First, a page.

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October 27, 2011
Vancouver, BC – A rare trial looking at a smoking-cessation drug given to older, long-time smokers immediately post-AMI has found no benefits of bupropion (Wellbutrin/Zyban, GlaxoSmithKline) at one year in AMI survivors trying to kick the habit.
Dr Mark J Eisenberg
Presenting the results here at the late-breaking clinical-trials session of the Canadian Cardiovascular Congress 2011, Dr Mark J Eisenberg (Jewish General Hospital, Montreal, QC) called the study “disappointing,” saying it speaks to the need for a more in-depth, multifaceted approach to helping post-MI smokers quit than just giving them a drug.
“More intensive and behavioral therapy is likely to yield better results, but we were looking for something that could be done on a huge scale at discharge like handing out aspirin or handing out a beta blocker. It doesn’t look like bupropion is going to be like that.”
Eisenberg et al’s study was a randomized, multicenter, double-blind, placebo-controlled trial of bupropion in 392 smokers hospitalized post-AMI. Participants were mostly male and typically one-pack-a-day smokers who’d smoked for several decades. Participants received bupropion or placebo for nine weeks.
At four weeks, nine weeks, six months, and 12 months, abstinence was numerically higher in the smokers randomized to bupropion, but the difference between groups was never statistically significant, and the gap between groups became smaller and smaller over time. In a galling finding for physicians who tend to believe most of their patients will quit smoking after a momentous event like a heart attack, even within the first four weeks, 50% of patients in both groups had taken up the habit again. By one-year post-AMI, two-thirds of all patients had returned to smoking.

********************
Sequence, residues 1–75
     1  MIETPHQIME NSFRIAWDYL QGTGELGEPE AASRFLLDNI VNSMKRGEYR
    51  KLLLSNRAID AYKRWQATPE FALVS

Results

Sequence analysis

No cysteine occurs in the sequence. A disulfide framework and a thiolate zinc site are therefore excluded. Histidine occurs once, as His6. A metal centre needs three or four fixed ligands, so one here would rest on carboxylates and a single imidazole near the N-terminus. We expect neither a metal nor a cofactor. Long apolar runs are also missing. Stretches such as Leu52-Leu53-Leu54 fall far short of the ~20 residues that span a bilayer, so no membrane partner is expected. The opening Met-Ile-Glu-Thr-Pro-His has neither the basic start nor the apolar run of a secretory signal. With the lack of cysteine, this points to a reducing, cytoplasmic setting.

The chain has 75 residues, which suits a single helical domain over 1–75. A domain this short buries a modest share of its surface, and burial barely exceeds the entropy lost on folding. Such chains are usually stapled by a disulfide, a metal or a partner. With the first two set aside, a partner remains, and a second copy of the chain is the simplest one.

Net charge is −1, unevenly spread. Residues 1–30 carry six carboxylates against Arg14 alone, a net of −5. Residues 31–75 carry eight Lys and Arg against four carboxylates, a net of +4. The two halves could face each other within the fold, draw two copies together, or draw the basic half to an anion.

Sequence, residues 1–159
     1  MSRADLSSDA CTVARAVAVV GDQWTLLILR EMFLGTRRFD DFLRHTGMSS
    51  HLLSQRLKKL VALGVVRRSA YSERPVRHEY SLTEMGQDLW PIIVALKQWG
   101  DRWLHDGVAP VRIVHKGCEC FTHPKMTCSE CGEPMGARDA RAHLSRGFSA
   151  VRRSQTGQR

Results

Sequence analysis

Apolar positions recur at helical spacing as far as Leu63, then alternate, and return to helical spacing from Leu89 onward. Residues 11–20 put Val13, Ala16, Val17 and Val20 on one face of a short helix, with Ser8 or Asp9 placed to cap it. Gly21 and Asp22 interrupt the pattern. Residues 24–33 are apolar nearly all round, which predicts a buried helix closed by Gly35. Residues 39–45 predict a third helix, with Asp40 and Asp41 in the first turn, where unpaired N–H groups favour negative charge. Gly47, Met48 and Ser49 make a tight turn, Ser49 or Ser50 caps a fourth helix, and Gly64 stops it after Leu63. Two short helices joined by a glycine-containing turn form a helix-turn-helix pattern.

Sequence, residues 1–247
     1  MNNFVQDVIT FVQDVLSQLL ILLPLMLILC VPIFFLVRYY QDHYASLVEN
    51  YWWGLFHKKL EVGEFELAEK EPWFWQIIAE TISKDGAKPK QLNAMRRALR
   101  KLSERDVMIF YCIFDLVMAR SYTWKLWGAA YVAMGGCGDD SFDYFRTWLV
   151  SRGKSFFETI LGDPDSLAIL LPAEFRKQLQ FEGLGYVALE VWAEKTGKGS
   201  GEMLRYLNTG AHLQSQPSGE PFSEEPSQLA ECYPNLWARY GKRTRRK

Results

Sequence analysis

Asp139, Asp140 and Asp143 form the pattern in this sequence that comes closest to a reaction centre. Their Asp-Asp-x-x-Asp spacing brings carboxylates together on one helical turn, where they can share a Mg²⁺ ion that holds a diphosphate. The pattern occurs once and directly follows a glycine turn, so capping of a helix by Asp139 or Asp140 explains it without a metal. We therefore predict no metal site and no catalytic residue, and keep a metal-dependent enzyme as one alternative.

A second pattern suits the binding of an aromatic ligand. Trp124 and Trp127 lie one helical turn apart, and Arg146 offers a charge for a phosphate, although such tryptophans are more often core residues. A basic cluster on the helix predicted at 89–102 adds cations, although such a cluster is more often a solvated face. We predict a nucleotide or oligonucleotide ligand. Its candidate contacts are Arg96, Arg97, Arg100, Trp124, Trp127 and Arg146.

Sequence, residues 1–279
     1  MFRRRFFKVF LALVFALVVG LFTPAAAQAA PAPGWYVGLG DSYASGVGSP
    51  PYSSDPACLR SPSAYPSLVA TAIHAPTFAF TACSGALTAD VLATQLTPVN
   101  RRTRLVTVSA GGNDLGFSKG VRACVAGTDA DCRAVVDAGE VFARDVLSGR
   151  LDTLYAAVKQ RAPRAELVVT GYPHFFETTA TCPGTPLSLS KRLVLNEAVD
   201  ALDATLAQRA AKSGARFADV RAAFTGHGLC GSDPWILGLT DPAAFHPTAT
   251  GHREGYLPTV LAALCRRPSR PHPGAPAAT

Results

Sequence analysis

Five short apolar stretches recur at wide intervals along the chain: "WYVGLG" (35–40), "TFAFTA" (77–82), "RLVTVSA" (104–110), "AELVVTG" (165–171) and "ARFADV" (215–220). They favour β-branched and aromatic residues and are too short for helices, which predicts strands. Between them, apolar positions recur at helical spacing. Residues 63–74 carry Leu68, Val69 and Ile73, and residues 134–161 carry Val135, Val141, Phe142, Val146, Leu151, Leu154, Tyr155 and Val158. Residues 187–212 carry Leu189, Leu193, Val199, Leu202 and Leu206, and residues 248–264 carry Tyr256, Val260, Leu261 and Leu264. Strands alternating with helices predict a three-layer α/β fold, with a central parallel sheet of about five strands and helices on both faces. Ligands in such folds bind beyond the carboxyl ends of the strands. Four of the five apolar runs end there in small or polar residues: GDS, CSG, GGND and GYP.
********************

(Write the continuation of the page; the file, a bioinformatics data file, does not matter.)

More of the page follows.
“That’s much better than what we’ve seen in trials of pharmacotherapy in young, healthier smokers without coronary disease, but it’s still really terrible,” Eisenberg said. He and his co-investigators had hoped the post-MI hospitalization would offer “a window of opportunity, when patients are in the hospital, to nab them, since the bang for the buck would be huge.” And it clearly wasn’t. “I would point out that we approached many, many patients for this study, and most didn’t even want to go into the trial, so these were actually patients who were motivated enough to try to quit.”
Dr John Mancini (St Paul’s Hospital, Vancouver, BC), one of the session moderators, agreed, calling the recidivism “atrocious.”
Dr Vladimir Dzavik
“As you correctly point out, we assume the MI is a life-changing event that will get the message through,” he lamented.
Of note, there were no safety issues with bupropion, an important finding, since nicotine-replacement therapies have been “relatively contraindicated” immediately following an AMI, Eisenberg noted.
Speaking with heartwire, Dr Vladimir Dzavik (University Health Network, Toronto, ON) pointed to the steady attrition rate in smoker abstinence rates over the 12 months, saying, “Investigators clearly were hoping that there’d be a magic-bullet drug that would induce patients to stop after this life-changing moment, their myocardial infarction, and it didn’t. The key message is that we need to focus not just on a drug. This seemed to help initially, and it can be safely prescribed to patients post-MI who have a physiological dependence, but it clearly needs to be augmented by rehab programs that are intensive, that are more than just pharmacological.”
Eisenberg disclosed receiving support from Pfizer, which makes a competing smoking-cessation drug, varenicline (Chantix).